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New Skills for New Jobs – many words but not much action

February 9th, 2010 by Graham Attwell

I have just finished reading the ‘New Skills for New Jobs: Action Now‘ report by the Expert Group on New Skills for New Jobs prepared for the European Commission. it is hard to know how important these advisory reports are – but there is little doubt that they reflect the direction of thinking of both the European Commission and European Member States. Furthermore, the European Commission is a major funder of training through the European Social Fund, and also sponsors research and pilot programmes through the Lifelong Learning programme.

The report is interesting in that the self congratulatory hyperbole of the Lisbon Declaration and various follow up initiatives has all gone.

No longer are we to be the most innovative and best educated region of the world by some future date.

Instead the first part of the report presents a sober and somewhat pessimistic viewpoint towards education, skills and employment in Europe.

“Nearly one third of Europe’s population aged 25-64, around 77 million people, have no, or low, formal qualifications and only one quarter have high level qualifications”, the report says. “And those with low qualifications are much less likely to participate in upskilling and lifelong learning. Furthermore, nearly one third of Europe’s population aged 25-64, around 77 million people, have no, or low, formal qualifications and only one quarter have high level qualifications. And those with low qualifications are much less likely to participate in upskilling and lifelong learning. Furthermore,of the five European benchmarks in education and training set for 2010, only one is likely to be reached. Worryingly, the latest figures show that 14.9 % of pupils leave school early with several countries suffering from extremely high drop-out rates; the performance in reading literacy is actually deteriorating. This is not only unacceptable but means that we are way off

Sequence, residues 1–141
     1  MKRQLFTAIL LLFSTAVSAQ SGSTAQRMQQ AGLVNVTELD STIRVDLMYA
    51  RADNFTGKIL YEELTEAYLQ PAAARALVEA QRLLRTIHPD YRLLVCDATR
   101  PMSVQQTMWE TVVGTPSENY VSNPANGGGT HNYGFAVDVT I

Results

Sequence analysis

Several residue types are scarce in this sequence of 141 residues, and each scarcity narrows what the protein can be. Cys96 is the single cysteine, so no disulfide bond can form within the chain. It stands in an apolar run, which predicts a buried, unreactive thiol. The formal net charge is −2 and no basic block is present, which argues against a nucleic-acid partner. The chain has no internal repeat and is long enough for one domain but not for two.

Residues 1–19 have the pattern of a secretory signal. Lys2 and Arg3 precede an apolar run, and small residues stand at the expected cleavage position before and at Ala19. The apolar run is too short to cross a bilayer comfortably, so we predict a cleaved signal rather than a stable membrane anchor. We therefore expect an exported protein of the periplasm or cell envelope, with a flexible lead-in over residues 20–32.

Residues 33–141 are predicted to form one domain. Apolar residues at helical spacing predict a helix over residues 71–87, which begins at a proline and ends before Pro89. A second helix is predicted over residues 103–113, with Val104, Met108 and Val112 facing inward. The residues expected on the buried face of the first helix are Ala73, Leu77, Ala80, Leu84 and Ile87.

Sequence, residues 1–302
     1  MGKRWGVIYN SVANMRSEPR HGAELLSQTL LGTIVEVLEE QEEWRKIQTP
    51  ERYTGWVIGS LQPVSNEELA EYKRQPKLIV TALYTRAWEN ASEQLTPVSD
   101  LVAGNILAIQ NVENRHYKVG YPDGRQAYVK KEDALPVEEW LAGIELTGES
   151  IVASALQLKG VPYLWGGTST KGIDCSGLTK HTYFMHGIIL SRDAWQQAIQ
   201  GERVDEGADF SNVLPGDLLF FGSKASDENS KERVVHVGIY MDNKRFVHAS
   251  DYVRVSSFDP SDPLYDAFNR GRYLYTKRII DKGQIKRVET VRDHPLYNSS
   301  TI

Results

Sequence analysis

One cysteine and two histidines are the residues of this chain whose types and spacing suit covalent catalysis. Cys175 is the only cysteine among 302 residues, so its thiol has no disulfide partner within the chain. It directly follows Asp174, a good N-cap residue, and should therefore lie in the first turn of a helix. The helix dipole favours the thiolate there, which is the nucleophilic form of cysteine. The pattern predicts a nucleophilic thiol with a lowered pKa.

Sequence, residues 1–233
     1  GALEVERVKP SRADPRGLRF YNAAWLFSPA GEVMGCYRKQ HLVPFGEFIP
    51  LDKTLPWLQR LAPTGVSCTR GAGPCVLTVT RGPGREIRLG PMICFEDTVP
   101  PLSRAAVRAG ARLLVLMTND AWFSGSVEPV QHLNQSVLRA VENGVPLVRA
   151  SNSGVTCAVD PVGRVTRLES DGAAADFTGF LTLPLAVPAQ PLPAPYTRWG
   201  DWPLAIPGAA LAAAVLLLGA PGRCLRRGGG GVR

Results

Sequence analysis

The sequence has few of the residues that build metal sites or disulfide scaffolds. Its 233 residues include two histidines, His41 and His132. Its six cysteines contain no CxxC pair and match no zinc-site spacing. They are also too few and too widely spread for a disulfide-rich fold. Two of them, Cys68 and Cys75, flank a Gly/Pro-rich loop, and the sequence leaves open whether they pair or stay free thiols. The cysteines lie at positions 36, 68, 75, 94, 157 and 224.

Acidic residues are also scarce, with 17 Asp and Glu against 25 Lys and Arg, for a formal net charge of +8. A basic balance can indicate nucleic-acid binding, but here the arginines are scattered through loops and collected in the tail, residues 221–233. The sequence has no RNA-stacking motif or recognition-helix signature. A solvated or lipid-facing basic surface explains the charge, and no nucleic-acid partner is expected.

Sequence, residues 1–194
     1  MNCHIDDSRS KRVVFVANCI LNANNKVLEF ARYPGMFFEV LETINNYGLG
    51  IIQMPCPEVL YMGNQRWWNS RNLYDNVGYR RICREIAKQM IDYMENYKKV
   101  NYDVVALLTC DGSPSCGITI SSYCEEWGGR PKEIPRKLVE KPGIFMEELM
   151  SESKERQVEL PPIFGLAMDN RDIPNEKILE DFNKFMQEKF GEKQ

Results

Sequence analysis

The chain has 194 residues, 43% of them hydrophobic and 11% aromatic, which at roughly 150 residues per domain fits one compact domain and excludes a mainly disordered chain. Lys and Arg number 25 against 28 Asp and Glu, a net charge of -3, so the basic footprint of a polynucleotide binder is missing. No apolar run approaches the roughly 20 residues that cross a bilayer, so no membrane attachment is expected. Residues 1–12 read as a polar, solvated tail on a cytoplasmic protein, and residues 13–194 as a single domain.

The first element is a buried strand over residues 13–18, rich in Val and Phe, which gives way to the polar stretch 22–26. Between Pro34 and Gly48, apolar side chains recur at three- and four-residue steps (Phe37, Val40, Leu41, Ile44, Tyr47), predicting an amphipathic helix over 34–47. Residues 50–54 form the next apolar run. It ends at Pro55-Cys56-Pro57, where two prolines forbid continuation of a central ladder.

meeting the 10 % European target of early school leavers. We are, indeed standing on a ‘burning platform’.

Europe aims to be amongst the most highly skilled regions in the world, yet many European countries are not even in the top 20.flexible learning pathways, and focus on the development of essential skills as well as job-specific skills.”

The report summarises “these essential, transversal, skills” as “mother tongue; foreign language; maths, science and technology; digital competence; learning to learn; social and civic competences; sense of initiative and entrepreneurship;
and cultural awareness/expression.”

The second half of the report is given over to a series of policy recommendations. And despite a promising start in calling for  “‘skills ecosystems’ in which individuals, employers and the broader economic and social context are in permanent dynamic interaction”, there is little new. Much seems to be an exhortation to greater activity and effort but with few practical proposals for change other than more flexibility, more openness and more attention to the labour market.

“It is essential that the European Commission, Member States and employer organisations, in close co-operation with
education and training providers and trade unions, ‘make the case’ for skills and use modern information, communication and marketing techniques to encourage greater commitment to skills upgrading by individuals, employers and public agencies.training and employment.”

Where genuinely radical proposals are put forward they seem designed to shift more responsibility on the individual for ensuring their skills needs match market demand, albeit with some incentives.

“In order to rise to these challenges, education and training must be made more relevant to labour market needs, and more responsive to learners’ needs. This requires more than tinkering with systems and institutions: it compels us to rethink what we want from education”, the report says. But where is that rethinking, other than reshaping educational organisations to meet market needs (and this is hardly new).

There are four sub areas to the recommendations: